Pollen and fungal spore concentrations reverted to their earlier low levels as no rain fell during the sampling period ending 12 March. After the rain that occurred yesterday in some areas of Cape Town, fungal spore levels are expected to increase, especially Alternaria, Cladosporium and ascospores.
The recent rain increased fungal spore production. Alternaria and Cladosporium levels increased sharply to allergenic levels. Tree and grass pollen levels are low, but week pollen is increasing.
The rain during this sampling week affected the bioaerosols by sharply increasing the concentrations of fungal spores and pollen in the atmosphere. Significant Alternaria concentrations were seen and Epicoccum, Rusts ascospores and Cladopsorium concentrations increased. Moderate concentrations were consistently seen for Chenopod, or goosefoot weed.
Fungal spore levels will probably remain high following yesterday’s thunderstorm. Weed pollen will increase as autumn approaches.
The drought conditions have resulted in very dry air with low pollen and fungal spore concentrations. In some areas of Cape Town, light rain has fallen at times and there has been an immediate response in the Alternaria and Cladosporium concentrations. Cladosporium spores are scant, despite increases but Alternaria is a dry air spore and spores quickly after rain. The Alternaria concentrations at the Observatory sampling site this week were just below the significant level.
Extremely low levels of pollen and fungal spores were seen during the recent sampling period. Low levels for trees, grasses and weeds were present in the atmosphere. The fungal spore levels are usually low in January, but the drought has further depressed the concentrations.
The tree, grass and weed pollen concentrations were all low during the past sampling week. Rain at the end of the preceding sampling week impacted on the fungal spores and moderate levels of Alternaria were seen. The fungal spore load was generally low.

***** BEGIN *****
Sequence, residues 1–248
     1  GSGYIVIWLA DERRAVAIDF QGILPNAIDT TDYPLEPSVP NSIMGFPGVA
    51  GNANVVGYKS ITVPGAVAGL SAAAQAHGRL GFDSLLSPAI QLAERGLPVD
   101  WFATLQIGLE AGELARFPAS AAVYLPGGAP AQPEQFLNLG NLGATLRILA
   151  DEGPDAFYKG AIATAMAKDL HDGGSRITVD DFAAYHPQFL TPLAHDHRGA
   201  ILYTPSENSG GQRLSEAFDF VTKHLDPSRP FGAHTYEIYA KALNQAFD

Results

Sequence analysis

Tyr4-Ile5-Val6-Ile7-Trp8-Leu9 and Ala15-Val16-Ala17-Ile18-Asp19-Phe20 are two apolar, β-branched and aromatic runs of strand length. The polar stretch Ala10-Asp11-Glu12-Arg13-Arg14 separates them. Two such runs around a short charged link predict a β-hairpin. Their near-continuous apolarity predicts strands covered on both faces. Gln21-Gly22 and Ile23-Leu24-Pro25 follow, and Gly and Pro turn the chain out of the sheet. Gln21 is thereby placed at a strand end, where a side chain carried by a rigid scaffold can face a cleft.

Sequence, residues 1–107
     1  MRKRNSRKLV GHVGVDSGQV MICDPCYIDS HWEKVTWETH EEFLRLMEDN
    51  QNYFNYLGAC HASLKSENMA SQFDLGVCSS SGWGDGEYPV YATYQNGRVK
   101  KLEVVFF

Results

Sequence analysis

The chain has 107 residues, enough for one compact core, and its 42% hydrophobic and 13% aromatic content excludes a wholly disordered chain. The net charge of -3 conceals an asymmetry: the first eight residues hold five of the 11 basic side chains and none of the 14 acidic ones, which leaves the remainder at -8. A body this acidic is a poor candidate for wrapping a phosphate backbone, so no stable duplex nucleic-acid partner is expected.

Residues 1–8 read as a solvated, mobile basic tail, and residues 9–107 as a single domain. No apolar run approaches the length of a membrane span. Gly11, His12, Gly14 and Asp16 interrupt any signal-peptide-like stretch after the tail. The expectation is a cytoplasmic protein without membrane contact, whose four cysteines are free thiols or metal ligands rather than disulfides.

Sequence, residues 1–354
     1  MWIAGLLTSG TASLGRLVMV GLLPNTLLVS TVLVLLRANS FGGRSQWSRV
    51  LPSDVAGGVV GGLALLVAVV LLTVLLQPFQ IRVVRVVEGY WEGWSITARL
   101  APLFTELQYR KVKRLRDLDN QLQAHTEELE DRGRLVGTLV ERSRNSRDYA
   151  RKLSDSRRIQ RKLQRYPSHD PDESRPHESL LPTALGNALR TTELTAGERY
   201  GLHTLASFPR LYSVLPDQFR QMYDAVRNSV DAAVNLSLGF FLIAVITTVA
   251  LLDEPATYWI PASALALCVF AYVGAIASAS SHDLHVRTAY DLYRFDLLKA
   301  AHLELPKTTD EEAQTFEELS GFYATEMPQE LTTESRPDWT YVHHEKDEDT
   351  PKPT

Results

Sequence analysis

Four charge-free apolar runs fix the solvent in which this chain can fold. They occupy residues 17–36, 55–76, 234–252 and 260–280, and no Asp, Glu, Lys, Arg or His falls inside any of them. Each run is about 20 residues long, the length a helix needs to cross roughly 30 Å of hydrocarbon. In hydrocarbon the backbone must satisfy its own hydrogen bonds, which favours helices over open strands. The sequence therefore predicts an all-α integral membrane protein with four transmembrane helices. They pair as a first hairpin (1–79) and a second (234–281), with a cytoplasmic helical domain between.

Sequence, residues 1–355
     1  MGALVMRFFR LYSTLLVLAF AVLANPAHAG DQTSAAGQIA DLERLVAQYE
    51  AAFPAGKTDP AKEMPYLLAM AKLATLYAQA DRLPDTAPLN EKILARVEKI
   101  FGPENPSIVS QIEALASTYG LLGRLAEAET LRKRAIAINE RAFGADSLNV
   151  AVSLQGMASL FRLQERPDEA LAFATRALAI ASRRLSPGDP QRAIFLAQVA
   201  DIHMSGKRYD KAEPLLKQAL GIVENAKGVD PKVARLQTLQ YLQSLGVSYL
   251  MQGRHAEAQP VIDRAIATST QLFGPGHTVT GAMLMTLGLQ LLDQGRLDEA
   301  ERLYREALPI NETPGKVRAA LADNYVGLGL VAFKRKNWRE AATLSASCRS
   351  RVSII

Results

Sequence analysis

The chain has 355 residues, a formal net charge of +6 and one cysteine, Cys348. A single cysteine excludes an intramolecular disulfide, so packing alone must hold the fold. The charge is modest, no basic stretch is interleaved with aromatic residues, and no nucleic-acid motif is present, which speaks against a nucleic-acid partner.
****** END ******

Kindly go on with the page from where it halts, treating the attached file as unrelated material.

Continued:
Pollen concentrations in the tree, grass and weed categories have been consistently low. Fungal spore levels have been generally low but increased after rain on Sunday 7 January. Cladosporium and Alternaria levels increased and while these concentrations did not breach the significant threshold, the small peaks should be noted.
The abrupt change of weather that the Cape has been experiencing has favoured the increase in fungal spores. Moist, cool days followed by warm dry weather has seen sharp increases in Alternaria, and Cladosporium concentrations. Grasses are low on days of rain becoming moderate on warm days. Weed levels are low, but Chenopodiaceae (fat hen) erica, English Plantain and dandelion are pollinating now. Tree levels have decreased to low levels but Cypress, pine, gum, olive, plane and oak are still present in the atmosphere in low concentrations.
The recent cold and rainy weather reduced the grass counts, but moderate grass concentrations were seen. Tree and weed pollen counts were low. Sunshine after rain increased fungal spore counts and Cladosporium increased but remained below the significant threshold. Alternaria counts were high. For further information on pollen and allergies see: www.lunginstitute.co.za (Allergy and Immunology Unit)
Rain during the last sampling week has removed pollen and fungal spores from the air. This should bring relief to hay fever sufferers. The grass counts are moderate. Tree pollen concentrations are waning, but moderate levels of olive are present in the atmosphere. Weed pollen levels remain low. Fungal spore levels are low but have increased and the Alternaria level is close to the threshold level.